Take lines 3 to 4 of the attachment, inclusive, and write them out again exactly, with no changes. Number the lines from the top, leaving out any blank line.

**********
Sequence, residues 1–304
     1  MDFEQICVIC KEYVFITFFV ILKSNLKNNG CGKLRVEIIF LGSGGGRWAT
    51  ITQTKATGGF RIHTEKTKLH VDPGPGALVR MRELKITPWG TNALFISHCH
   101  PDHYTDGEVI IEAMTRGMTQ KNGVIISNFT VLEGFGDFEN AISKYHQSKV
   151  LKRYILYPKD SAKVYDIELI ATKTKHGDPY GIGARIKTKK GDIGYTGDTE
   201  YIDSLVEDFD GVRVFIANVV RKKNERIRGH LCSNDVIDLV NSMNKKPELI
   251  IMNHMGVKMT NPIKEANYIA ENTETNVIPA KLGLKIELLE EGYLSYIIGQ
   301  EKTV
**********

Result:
    51  ITQTKATGGF RIHTEKTKLH VDPGPGALVR MRELKITPWG TNALFISHCH
   101  PDHYTDGEVI IEAMTRGMTQ KNGVIISNFT VLEGFGDFEN AISKYHQSKV